[6] Defendant assigns as error the failure of the trial court to instruct the jury that they might find the defendant guilty pf a lesser included offense.

In the case of State v. Bryant, 280 N.C. 551, 187 S.E. 2d 111, Justice Higgins speaking for the Court (Chief Justice Bobbitt and Justice Sharp dissenting) stated:

“The defendant has objected to the court’s failure to submit to the jury the lesser included offense of assault with intent to commit rape. This objection cannot be sustained. All the evidence, including the defendant’s testimony, disclosed completed acts of intercourse. The factual dispute was whether the acts were voluntary or as a result of defendant’s use of force. Even consent if induced by fear, fright, or coercion, is equivalent to physical forcé. State v. Primes, [275 N.C. 61, 165 S.E. 2d 225]; State v. Carter, [265 N.C. 626, 144 S.E. 2d 826]. The court should not submit an issue in the absence of some evidence which tended to support it. The rule is stated in State v. McNeil, 277 N.C. 162, 176 S.E. 2d 732. ‘The court (trial) charged the jury to return a verdict: (1) guilty of rape; (2) guilty of *52rape with a recommendation that punishment be imprisonment for life in the State’s prison; or (3) not guilty. Failure to find the defendant guilty of (1) or (2) required a verdict of not guilty. The defendant was not prejudiced by the charge which required the jury to acquit of all included lesser offenses. There was no evidence of the lesser included offenses, and the court was correct in refusing to permit the jury to consider them.’ ”

Here all of .the evidence reveals a completed act or completed acts of sexual intercourse. The factual dispute relates only to whether the act or acts were by consent or as a result of force or coercion. We are unable to distinguish instant case from State v. Bryant, supra, and by authority of Bryant, this assignment of error is overruled.

[7] Defendant’s final assignment of error is that the trial judge erred by denying his motion to set aside the verdict as being against the greater weight of the evidence. This motion was addressed to the trial judge’s discretion and was without merit. State v. Henderson, 276 N.C. 430, 173 S.E. 2d 291.

Defendant has failed to show prejudicial error which will warrant disturbing the verdict and judgment.

No error.

Chief Justice Bobbitt


The testimony of prosecutrix was sufficient to support the verdict of guilty of rape. However, her testimony was contradicted by testimony of defendant on all crucial aspects of the case.

The preliminary statement in the majority opinion summarizes the testimony of prosecutrix and of defendant relating to the circumstances under which prosecutrix entered defendant’s car, and to their conversation while riding through the streets of Durham and to the area where, according to both prosecutrix and defendant, the act(s) of sexual intercourse occurred.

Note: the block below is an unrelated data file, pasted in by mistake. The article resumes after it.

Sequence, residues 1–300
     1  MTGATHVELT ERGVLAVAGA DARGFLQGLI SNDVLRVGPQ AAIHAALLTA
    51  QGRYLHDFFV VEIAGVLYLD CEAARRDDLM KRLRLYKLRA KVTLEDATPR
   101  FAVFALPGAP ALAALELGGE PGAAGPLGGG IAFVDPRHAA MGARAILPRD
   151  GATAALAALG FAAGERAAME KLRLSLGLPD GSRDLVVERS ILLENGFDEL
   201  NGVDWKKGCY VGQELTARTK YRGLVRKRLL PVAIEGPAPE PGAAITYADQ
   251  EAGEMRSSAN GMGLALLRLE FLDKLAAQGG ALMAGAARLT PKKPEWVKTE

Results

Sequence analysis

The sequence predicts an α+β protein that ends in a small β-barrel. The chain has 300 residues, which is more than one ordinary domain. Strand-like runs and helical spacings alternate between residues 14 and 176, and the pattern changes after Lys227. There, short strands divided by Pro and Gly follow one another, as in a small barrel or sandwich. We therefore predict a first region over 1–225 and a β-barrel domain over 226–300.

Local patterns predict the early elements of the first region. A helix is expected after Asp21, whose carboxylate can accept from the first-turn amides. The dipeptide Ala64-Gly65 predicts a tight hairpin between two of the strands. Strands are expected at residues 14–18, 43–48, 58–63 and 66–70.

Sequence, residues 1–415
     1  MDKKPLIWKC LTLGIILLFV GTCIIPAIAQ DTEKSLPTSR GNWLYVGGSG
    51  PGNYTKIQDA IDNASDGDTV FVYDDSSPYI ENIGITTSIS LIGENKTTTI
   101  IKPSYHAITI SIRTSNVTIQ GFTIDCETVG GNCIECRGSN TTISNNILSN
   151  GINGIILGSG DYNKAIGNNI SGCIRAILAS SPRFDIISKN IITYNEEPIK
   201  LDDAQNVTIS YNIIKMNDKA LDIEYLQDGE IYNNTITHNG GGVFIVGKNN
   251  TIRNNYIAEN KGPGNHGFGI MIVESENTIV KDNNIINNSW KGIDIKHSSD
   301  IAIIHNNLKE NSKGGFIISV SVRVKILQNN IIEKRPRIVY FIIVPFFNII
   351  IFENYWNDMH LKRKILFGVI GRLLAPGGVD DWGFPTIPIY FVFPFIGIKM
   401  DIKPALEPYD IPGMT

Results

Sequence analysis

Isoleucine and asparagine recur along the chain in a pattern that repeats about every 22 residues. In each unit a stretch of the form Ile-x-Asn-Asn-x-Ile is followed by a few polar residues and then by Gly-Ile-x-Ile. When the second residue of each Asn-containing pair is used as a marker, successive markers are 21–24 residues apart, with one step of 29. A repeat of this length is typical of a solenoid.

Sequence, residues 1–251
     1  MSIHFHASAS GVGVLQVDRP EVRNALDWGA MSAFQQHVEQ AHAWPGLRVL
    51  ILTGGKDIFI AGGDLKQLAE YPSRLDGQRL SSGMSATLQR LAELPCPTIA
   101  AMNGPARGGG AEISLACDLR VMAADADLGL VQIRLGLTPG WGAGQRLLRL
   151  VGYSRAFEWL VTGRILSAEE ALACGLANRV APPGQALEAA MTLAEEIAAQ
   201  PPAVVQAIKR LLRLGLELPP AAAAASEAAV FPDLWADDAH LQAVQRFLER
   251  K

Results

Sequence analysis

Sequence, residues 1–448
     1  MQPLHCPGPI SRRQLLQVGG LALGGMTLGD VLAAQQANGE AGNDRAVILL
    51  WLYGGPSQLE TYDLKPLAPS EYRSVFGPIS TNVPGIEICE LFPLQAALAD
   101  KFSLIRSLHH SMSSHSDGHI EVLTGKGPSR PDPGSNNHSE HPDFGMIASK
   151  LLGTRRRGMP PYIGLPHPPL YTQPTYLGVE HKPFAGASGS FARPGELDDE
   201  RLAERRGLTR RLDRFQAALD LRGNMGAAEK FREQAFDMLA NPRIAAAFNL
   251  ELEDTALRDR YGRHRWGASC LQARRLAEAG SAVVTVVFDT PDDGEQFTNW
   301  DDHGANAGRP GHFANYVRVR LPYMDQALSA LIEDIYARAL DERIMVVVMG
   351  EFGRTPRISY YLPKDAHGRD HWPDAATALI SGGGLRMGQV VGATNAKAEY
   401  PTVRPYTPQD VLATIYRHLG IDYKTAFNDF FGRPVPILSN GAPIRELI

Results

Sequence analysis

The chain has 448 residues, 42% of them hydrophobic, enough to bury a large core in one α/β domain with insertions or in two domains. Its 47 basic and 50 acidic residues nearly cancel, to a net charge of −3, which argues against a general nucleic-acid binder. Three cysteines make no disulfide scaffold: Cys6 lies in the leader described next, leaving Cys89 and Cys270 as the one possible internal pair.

Although contradicted at all points, there was ample evidence to support a finding that defendant was guilty of an assault with intent to commit rape. To convict one of the crime of an assault with intent to commit rape, “the State must prove (1) an assault by a male upon a female (2) with intent to commit rape, and the felonious intent is the intent to gratify his *53passion:.on the person of the woman at all events against her will and notwithstanding any resistance she may make.” State v. Overcash, 226 N.C. 632, 634, 39 S.E. 2d 810, 811 (1946), and cases cited.

Assuming that defendant was guilty of an assault with intent to commit rape, it does not necessarily follow that he was guilty of rape because he succeeded in having sexual intercourse with the prosecutrix. He testified positively that his sexual intercourse with prosecutrix was with her consent. Her testimony referred to their philosophical arguments, concluding with her statement that defendant had shown “his will was stronger than hers;” Whether her submission was the result of overpersuasion was for jury consideration. ■

Of course, “[t] he force necessary to constitute rape need not be actüal physical force. Fear, fright, or coercion may take the place of force.” State v. Primes, 275 N.C. 61, 67, 165 S.E. 2d 225, 229 (1969). Here, the prosecutrix’s testimony is that defendant never threatened to harm her physically; that he did not use, display or refer to a weapon of any kind; that.h.e inflicted no bruises; and that her clothes were not torn or damaged. Nothing in her testimony indicated that she' attempted any kind of vigorous physical resistance.

I disavow completely any intent to cast doubt upon the credibility of the testimony of the prosecutrix. In all probability, if,I had been a juror, I would have returned the verdict of guilty of rape. However, where a defendant’s testimony contradicts that of the prosecutrix as to rape and as to assault with intent to commit rape, the jury should not be confined to the single alternative of returning either a verdict of guilty of rape or a verdict of not guilty (of any offense) but should be permitted, if - they consider the evidence warrants, to return a verdict of guilty of the lesser included felony of assault with intent to commit rape.

For the reasons fully stated and documented in my dissenting opinion in State v. Bryant, 280 N.C. 551, 187 S.E. 2d 111 (1972), I would award a new trial on account of the failure of the court to submit for jury consideration whether defendant was guilty of the lesser included felony of an assault with intent to commit rape.

Justice Sharp joins in this dissenting opinion.